What's that smell?
Sauropod dinosaurs could have produced enough of the greenhouse gas methane to warm the climate many millions of years ago, at a time when the Earth was warm and wet. That's according to calculations reported in the May 8th issue of Current Biology, a Cell Press publication.
The hulking sauropods, distinctive for their enormous size and unusually long necks, were widespread about 150 million years ago. As in cows, methane-producing microbes aided the sauropods' digestion by fermenting their plant food.
dinosaurs could have produced more methane than all modern sources—both natural and man-made—put together
"Our calculations suggest that these dinosaurs could have produced more methane than all modern sources—both natural and man-made—put together."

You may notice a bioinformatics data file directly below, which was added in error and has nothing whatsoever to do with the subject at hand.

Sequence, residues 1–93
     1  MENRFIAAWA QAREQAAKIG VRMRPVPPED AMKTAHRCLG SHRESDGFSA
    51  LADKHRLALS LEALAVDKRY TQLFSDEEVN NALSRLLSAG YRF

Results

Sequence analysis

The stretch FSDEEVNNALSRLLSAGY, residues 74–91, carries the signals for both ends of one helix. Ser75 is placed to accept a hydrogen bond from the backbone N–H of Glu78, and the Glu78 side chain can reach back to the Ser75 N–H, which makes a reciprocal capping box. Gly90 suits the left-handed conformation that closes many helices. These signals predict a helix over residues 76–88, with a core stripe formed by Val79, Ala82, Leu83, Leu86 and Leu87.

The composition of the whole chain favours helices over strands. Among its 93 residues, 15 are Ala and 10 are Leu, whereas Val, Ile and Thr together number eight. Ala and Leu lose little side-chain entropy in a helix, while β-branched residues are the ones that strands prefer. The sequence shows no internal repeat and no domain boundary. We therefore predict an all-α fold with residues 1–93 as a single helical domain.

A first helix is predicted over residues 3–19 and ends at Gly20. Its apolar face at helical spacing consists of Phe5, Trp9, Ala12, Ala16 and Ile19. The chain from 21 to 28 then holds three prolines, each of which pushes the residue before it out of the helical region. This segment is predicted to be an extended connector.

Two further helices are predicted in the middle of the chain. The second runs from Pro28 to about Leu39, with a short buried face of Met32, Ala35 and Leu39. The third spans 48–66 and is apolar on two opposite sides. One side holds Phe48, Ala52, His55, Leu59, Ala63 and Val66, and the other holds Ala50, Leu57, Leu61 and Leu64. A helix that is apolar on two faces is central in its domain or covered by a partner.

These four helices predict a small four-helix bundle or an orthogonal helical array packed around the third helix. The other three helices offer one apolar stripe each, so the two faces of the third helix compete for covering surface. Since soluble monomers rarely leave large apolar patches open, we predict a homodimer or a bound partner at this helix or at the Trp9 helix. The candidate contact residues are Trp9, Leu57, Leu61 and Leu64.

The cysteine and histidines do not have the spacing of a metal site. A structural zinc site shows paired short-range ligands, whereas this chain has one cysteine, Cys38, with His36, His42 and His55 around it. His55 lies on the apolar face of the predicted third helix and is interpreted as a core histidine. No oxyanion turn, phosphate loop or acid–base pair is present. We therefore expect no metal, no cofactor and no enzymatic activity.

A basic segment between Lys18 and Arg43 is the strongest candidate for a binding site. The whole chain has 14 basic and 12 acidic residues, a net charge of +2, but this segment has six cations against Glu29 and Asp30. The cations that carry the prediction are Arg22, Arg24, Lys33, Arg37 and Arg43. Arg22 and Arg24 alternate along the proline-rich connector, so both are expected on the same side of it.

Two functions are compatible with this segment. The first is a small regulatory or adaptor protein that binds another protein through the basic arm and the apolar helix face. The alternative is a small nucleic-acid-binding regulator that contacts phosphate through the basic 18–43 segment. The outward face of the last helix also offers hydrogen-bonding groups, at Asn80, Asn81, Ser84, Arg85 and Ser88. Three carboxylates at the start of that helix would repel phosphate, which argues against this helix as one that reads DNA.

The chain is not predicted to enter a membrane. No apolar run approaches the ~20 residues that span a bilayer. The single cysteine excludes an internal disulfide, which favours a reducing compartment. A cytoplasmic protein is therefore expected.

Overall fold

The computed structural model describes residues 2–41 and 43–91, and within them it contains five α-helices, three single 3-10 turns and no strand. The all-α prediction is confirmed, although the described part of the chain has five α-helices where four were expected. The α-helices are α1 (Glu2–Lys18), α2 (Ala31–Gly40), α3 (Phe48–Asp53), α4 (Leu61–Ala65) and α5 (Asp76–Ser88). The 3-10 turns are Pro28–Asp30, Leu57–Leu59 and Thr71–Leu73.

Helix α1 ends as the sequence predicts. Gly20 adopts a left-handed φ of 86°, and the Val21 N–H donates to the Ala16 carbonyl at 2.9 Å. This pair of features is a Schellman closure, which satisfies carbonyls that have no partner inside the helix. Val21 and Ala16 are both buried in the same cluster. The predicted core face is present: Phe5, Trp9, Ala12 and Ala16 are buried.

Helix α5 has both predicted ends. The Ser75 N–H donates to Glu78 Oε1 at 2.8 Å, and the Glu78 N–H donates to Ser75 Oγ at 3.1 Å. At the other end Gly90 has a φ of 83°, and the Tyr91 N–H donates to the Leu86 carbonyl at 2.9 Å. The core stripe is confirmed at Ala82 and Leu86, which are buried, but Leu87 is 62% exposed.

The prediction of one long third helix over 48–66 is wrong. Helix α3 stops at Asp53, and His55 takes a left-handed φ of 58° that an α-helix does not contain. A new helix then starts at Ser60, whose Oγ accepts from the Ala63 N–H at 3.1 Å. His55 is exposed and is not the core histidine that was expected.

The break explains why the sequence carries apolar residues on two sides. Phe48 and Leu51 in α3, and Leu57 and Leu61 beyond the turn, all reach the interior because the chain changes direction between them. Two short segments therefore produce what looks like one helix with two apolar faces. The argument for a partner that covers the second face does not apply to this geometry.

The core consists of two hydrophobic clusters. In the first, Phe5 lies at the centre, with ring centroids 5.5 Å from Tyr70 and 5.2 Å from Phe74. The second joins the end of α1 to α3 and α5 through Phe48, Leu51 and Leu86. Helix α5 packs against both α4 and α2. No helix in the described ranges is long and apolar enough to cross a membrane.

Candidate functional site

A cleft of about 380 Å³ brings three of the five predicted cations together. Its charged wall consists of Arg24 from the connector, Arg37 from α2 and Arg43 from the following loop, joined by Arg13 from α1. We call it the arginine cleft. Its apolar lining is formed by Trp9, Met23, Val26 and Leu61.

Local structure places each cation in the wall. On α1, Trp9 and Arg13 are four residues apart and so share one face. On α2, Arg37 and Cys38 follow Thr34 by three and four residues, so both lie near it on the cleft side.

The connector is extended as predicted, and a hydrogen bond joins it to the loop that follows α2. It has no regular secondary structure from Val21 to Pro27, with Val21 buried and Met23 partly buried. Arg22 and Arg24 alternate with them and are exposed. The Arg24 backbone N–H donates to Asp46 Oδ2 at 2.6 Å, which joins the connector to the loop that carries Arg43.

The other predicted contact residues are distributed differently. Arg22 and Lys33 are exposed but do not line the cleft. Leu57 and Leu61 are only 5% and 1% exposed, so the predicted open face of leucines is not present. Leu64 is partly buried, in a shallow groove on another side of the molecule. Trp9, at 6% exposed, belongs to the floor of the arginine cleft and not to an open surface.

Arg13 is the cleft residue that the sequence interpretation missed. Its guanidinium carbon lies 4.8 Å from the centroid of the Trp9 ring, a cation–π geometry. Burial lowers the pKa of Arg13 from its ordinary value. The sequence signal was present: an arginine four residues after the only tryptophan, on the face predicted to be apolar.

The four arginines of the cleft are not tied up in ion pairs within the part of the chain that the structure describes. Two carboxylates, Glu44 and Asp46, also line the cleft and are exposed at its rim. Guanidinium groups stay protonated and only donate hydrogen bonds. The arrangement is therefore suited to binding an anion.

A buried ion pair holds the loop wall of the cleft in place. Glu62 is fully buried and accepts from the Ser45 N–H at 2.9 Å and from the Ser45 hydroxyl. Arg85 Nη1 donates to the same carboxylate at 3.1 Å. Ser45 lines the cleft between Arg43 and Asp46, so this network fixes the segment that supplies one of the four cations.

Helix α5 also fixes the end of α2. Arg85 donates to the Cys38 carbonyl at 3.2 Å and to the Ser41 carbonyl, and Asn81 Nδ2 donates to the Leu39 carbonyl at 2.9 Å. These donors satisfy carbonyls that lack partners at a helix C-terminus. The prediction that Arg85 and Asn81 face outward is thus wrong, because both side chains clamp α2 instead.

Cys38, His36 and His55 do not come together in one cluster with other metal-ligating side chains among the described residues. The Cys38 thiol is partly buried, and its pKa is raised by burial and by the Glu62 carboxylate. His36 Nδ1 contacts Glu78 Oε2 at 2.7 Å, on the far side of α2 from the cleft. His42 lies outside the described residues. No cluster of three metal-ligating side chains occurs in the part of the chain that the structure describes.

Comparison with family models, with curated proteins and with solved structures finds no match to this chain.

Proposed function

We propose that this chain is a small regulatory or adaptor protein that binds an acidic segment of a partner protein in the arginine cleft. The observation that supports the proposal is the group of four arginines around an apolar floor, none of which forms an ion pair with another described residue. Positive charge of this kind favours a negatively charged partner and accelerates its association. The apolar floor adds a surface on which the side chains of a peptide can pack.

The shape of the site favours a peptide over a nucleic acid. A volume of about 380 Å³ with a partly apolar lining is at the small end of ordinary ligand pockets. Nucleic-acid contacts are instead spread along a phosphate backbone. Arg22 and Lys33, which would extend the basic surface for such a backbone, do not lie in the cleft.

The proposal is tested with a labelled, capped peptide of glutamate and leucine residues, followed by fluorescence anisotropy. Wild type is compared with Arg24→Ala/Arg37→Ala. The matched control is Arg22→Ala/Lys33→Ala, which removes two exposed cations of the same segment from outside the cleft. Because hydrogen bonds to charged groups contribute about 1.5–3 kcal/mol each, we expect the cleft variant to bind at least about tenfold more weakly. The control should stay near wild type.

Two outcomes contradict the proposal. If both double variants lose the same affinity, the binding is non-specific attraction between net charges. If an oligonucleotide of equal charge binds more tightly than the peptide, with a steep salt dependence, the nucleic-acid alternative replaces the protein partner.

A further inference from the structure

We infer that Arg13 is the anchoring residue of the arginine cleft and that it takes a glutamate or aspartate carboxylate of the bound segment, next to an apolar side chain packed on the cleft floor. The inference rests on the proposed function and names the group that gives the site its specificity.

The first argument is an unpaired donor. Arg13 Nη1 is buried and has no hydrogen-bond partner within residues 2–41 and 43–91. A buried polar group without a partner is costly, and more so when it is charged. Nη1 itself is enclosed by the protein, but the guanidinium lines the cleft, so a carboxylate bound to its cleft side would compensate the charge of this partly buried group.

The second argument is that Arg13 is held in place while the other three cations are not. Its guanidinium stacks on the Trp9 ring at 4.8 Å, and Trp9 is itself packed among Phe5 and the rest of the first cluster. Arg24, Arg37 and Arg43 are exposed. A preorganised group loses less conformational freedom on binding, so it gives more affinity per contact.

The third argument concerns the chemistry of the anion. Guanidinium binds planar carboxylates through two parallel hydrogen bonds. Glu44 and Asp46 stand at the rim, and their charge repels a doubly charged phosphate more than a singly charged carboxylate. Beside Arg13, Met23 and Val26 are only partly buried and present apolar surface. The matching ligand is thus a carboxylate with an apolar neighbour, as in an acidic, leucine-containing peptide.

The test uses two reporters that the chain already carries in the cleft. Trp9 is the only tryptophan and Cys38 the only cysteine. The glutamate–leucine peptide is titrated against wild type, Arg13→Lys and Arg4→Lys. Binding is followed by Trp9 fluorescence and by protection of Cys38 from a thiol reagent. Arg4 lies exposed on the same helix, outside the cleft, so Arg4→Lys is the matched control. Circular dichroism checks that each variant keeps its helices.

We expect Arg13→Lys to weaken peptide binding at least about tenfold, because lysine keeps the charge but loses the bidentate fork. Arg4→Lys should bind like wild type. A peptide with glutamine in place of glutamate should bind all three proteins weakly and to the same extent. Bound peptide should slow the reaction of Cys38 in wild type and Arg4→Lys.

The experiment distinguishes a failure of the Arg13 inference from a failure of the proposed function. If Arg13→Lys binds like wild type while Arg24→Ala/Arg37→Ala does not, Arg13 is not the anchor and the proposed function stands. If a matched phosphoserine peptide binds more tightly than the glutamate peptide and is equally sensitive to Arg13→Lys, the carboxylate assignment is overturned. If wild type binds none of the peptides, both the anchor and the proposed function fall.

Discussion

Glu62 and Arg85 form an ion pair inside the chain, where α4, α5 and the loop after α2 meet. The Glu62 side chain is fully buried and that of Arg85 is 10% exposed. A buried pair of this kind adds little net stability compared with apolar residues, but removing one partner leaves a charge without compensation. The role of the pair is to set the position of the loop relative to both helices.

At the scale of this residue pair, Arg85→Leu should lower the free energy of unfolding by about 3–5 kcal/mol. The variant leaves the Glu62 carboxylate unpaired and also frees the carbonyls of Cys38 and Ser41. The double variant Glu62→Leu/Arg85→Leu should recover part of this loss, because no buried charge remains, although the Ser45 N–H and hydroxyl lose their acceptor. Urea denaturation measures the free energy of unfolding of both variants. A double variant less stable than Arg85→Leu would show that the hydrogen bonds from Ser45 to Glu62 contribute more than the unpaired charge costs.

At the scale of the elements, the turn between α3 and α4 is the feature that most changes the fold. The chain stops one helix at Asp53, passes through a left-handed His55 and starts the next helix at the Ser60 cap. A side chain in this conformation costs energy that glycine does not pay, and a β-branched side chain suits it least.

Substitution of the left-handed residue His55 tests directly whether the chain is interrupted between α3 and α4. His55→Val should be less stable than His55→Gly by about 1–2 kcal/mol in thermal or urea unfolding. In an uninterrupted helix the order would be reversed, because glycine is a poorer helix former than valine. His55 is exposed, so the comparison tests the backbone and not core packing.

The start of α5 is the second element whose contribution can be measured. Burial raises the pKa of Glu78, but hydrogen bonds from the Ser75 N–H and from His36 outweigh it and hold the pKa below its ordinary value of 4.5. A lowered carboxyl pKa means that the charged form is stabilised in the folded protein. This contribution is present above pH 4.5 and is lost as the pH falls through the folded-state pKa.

Animal physiologists have studied methane production from a range of modern animals to derive equations that predict methane production from animals of different sizes. It turns out that those calculations depend only on the total mass of the animals in question. A medium-sized sauropod weighed something like 20,000 kilograms, and sauropods lived in densities ranging from a few large adults to a few tens of individuals per square kilometer.
"Clearly, trying to estimate this for animals that are unlike anything living has to be a bit of an educated guess," researcher Dave Wilkinson (of Liverpool John Moores University) said.
Global methane emissions from sauropods is calculated to have been 520 million tons (520 Tg) per year, comparable to total modern methane emissions. Before industry took off on modern Earth about 150 years ago, methane emissions were roughly 200 Tg per year. By comparison, modern ruminant animals, including cows, goats, giraffes, and others, produce methane emission of 50 to 100 Tg per year.
The study's conclusions not only show "just how strange and wonderful the workings of the planet are" but also serve as a useful reminder for the importance of microbes and methane for global climate, the researchers say.
Source: Cell Press